“True Grit” Author Charles Portis Dead at 86
His other books include "Norwood" and "The Dog of the South"
Charles Portis, the author of several acclaimed books — including the twice-adapted True Grit — died today at the age of 86.
Portis was known for being somewhat hard to find, though not quite to the extent of Thomas Pynchon. (His obituary in The New York Times noted that he disliked being referred to as a recluse.) In 2012, John Powers described Portis on the eve of the release of Escape Velocity: A Charles Portis Miscellany. “This ex-Marine loves cars, knows guns, can’t stand hippies and lives off the media radar in Little Rock, Ark., without being famous for trying not to be famous,” wrote Powers.
The author was best known for writing True Grit, which was first adapted for the screen in 1969. That version won John Wayne an Academy Award for his portrayal of lawman Rooster Cogburn. A subsequent adaptation of the novel, released in 2010, was written and directed by the Coen Brothers and executive produced by Steven Spielberg.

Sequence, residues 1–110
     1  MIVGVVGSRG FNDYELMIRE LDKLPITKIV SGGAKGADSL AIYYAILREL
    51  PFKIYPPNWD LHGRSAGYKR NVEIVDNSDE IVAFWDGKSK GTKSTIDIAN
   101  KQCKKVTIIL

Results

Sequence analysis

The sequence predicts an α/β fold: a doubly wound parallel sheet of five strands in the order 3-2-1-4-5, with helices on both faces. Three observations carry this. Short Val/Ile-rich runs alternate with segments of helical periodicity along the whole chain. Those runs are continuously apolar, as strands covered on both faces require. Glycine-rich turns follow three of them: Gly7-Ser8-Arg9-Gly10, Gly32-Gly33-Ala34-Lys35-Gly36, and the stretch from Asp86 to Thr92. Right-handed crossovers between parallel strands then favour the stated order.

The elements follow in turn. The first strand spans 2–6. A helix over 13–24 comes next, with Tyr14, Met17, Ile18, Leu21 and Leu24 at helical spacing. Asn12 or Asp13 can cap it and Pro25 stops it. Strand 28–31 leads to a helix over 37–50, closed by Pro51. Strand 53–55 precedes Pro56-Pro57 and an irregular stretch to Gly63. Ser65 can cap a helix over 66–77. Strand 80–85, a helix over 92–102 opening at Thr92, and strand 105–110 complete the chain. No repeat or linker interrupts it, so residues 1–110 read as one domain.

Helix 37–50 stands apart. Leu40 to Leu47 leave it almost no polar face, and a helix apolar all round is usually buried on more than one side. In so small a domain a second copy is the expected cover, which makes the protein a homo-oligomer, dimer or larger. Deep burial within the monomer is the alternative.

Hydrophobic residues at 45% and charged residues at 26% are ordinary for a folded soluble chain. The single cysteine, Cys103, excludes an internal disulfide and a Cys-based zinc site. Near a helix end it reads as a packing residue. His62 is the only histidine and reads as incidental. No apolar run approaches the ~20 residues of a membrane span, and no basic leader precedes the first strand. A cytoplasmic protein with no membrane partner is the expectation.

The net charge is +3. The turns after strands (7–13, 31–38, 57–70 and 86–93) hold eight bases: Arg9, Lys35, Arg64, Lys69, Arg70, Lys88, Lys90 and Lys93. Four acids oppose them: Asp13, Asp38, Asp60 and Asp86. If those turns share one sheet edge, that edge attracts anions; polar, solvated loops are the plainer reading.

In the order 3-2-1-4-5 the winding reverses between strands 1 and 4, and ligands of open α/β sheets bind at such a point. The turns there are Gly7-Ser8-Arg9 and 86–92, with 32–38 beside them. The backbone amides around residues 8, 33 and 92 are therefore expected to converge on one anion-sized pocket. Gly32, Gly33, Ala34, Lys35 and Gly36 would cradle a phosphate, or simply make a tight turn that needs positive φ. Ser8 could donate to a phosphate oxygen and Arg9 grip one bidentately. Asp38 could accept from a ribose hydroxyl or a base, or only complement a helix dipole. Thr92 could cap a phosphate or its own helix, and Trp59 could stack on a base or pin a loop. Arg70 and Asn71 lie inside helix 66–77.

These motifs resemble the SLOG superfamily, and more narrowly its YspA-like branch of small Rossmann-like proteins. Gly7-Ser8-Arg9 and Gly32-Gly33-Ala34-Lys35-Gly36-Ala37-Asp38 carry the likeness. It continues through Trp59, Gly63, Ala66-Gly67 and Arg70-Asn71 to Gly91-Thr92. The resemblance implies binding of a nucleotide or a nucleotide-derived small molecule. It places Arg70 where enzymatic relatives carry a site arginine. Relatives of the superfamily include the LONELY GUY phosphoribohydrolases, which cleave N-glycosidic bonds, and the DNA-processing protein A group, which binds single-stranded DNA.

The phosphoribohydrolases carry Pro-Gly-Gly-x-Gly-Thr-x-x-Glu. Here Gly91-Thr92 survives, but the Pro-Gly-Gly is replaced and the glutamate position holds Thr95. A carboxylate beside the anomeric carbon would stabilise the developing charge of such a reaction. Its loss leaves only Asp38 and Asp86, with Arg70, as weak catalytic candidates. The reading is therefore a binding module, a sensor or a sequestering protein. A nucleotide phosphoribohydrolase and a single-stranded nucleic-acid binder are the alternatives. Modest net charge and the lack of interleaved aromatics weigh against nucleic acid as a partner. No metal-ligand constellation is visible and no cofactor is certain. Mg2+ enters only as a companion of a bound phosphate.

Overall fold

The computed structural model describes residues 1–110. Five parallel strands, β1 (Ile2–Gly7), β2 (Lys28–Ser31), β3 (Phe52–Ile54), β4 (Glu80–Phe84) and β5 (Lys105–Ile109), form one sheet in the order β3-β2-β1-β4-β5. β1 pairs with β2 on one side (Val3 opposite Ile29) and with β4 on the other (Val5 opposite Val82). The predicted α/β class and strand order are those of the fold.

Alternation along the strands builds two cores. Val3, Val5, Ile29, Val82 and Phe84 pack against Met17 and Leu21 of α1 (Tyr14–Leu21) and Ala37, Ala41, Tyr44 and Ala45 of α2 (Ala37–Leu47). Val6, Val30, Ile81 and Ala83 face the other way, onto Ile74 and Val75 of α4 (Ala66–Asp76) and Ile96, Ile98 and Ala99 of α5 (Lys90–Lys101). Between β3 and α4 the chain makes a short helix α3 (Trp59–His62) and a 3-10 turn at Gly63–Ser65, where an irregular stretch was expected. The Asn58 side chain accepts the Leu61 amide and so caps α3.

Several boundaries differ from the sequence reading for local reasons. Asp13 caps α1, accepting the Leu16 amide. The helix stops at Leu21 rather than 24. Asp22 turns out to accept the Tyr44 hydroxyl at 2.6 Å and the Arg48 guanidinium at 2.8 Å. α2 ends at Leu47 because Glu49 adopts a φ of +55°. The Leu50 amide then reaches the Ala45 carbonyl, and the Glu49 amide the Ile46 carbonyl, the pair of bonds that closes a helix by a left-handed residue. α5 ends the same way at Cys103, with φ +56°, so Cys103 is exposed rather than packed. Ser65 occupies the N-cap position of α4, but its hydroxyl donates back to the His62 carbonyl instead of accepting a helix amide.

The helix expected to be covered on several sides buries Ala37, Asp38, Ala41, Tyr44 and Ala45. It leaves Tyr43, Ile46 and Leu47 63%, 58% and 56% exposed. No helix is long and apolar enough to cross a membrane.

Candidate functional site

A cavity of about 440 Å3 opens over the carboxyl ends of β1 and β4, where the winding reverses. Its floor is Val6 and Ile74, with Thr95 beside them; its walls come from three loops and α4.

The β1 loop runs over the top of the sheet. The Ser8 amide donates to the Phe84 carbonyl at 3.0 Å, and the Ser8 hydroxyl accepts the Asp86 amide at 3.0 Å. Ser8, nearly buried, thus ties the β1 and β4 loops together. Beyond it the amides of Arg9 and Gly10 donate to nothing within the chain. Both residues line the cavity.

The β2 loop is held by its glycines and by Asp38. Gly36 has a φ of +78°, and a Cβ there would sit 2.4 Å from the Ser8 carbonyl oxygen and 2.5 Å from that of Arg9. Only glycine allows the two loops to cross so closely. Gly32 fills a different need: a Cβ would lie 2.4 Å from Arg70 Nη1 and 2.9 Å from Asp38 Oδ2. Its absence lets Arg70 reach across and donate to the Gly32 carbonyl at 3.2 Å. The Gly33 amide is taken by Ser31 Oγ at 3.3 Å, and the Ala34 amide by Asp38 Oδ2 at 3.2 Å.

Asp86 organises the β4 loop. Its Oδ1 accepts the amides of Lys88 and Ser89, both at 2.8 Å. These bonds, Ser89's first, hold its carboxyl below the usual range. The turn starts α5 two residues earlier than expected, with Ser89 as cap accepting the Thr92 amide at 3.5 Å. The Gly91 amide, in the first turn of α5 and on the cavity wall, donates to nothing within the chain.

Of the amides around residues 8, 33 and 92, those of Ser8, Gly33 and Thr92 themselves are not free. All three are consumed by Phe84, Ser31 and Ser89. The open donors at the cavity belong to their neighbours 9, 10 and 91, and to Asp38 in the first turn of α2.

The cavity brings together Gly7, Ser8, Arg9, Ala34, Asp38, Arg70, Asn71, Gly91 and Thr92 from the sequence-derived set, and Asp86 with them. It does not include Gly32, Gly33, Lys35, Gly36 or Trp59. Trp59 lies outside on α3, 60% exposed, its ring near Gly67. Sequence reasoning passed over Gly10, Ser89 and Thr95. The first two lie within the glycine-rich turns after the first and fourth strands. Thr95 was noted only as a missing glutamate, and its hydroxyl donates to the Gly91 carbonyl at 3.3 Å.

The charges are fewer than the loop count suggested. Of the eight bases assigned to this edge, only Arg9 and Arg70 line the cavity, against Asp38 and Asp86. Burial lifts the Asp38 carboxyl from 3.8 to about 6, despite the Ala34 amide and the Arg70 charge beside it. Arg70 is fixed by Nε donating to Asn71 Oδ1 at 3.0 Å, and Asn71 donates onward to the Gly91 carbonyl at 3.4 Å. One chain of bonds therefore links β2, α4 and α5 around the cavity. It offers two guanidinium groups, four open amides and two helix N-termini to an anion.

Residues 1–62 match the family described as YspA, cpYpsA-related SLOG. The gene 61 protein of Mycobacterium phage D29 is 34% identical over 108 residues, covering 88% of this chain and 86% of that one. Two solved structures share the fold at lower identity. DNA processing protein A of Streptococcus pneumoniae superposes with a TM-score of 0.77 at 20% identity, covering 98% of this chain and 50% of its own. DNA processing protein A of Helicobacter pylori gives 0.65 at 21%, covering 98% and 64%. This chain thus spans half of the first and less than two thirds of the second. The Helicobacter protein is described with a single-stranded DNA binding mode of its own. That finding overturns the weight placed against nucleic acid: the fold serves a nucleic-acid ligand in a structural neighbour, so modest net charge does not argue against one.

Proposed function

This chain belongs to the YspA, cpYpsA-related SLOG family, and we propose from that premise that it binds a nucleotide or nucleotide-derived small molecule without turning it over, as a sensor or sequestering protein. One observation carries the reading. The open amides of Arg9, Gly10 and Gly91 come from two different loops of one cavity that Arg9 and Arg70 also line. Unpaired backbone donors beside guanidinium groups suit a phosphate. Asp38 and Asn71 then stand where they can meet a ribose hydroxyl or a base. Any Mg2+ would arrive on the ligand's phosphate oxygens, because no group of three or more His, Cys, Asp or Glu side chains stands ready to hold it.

But if you only know Portis via True Grit, you only know part of his range as a writer. From the bleakly comedic The Dog of the South to the conspiracy-obsessed narrative of Masters of Atlantis, Portis carved out a distinctive corner of American fiction. Writing in the Los Angeles Review of Books in 2011, Julia Cline revisited Portis’s past as a journalist and mapped it onto the arc of his life as a writer:
… the ex-reporter from Arkansas likely has a clear sense of social justice, but also a personal connection to characters viewed by much of the reading world — then, and now — as backwoods or backwater.
Alternately, as Charles McGrath phrased it in The New York Times in 2010:
But in one way or another the subtext of all these novels is the great Melvillean theme of the American weakness for secret conspiracies and arcane knowledge, and our embrace of con men, scam artists and flimflammers of every sort. In Mr. Portis’s pantheon of tricksters, moreover, writers rank pretty high.
Trying to precisely pin down Portis’s aesthetic isn’t easy, but that’s precisely why he remains so beloved as a writer. And while he himself is gone, his work remains, as vital as it ever was.
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